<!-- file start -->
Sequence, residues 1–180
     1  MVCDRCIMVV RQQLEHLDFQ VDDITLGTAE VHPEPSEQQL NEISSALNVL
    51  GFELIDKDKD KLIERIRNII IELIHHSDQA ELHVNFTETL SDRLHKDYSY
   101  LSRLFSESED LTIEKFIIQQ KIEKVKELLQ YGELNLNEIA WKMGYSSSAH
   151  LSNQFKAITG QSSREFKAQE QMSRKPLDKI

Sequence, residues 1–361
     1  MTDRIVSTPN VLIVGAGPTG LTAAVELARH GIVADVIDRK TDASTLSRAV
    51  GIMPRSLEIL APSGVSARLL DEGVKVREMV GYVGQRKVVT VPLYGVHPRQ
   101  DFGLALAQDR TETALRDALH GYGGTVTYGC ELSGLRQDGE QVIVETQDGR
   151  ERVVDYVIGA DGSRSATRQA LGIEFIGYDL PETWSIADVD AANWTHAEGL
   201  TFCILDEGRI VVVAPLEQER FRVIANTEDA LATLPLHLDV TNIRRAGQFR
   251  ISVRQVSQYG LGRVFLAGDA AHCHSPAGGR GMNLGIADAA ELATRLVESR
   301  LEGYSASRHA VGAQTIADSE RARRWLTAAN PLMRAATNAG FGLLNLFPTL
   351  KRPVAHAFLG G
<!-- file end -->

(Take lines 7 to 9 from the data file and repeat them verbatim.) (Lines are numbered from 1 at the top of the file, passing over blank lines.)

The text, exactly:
     1  MTDRIVSTPN VLIVGAGPTG LTAAVELARH GIVADVIDRK TDASTLSRAV
    51  GIMPRSLEIL APSGVSARLL DEGVKVREMV GYVGQRKVVT VPLYGVHPRQ
   101  DFGLALAQDR TETALRDALH GYGGTVTYGC ELSGLRQDGE QVIVETQDGR